55. Configuring drain on shutdown
  56. Implementing multi-domain Active Directory environments
  57. Implementing multi-forest Active Directory environments
  58. Configuring interoperability with previous versions of Active Directory
  59. Upgrading existing domains & forests
  60. Configuring multiple user principal name (UPN) suffixes
  61. Understanding trust concepts
  62. Configuring external trusts and realm trusts
  63. Configuring forest trusts
  64. Configuring shortcut trusts
  65. Configuring trust authentication
  66. Configuring Security IDentifier (SID) filtering
  67. Configuring name suffix routing
  68. Configuring sites and subnets
  69. Creating and configuring site links
  70. Managing registration of SRV records
  71. Moving domain controllers between sites
  72. Configuring replication to Read-Only Domain Controllers (RODCs)
  73. Monitoring and managing replication
  74. Upgrading SYSVOL replication to Distributed File System Replication (DFSR)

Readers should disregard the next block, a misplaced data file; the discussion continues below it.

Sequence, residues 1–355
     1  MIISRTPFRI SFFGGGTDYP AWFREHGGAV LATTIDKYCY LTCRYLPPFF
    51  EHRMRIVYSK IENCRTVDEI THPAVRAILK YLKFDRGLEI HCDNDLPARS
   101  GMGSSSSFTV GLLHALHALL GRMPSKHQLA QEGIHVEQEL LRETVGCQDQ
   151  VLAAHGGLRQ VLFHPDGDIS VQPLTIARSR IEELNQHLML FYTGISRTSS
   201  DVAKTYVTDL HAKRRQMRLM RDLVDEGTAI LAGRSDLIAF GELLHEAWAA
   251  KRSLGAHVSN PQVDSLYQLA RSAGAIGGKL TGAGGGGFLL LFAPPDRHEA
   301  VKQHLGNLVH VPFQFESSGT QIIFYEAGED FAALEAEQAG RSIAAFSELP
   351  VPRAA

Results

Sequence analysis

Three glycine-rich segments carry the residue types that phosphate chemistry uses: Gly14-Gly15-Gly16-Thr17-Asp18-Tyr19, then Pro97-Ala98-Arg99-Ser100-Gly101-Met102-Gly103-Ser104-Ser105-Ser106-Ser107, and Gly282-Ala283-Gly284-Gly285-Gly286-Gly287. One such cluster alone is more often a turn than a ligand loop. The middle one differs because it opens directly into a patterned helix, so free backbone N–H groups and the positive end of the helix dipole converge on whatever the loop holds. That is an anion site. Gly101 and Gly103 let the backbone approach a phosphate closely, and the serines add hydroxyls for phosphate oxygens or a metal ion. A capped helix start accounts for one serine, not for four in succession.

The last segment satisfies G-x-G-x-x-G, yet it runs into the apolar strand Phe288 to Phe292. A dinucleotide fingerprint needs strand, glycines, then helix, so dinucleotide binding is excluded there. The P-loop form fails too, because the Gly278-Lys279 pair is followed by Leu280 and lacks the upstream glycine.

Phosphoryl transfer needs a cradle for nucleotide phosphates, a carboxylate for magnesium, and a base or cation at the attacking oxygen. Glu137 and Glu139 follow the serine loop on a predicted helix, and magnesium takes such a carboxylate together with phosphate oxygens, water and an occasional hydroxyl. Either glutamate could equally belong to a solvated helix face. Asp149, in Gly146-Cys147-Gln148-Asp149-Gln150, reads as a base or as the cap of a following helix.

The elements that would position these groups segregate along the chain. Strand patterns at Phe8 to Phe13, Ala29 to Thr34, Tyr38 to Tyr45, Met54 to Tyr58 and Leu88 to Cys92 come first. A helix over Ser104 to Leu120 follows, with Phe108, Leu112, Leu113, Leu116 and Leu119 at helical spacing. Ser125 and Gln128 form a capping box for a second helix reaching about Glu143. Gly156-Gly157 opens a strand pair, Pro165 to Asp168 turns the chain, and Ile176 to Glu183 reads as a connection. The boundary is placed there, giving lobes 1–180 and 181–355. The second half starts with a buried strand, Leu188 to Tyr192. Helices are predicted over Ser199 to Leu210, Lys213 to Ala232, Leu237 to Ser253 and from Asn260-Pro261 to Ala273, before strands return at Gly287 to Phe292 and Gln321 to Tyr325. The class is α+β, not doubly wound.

75. Installing AD FS
  76. Implementing claims-based authentication
  77. Configuring authentication policies
  78. Configuring Workplace Join
  79. Configuring multi-factor authentication
  80. Installing an Enterprise Certificate Authority (CA)
  81. Configuring CRL Distribution Points (CDP)
  82. Installing and configuring online responders
  83. Implementing administrative role separation
  84. Configuring CA backup and recovery
  85. Managing certificate templates
  86. Implementing and managing certificate validation and revocation
  87. Managing certificate enrollment
  88. Managing certificate renewal
  89. Configuring and managing key archival and recovery
  90. Implementing and managing certificate deployment
  91. Installing licensing or certificate AD RMS server
  92. Managing AD RMS Service Connection Point (SCP)
  93. Managing RMS templates
  94. Configuring exclusion policies
  95. Backing up and restoring AD RMS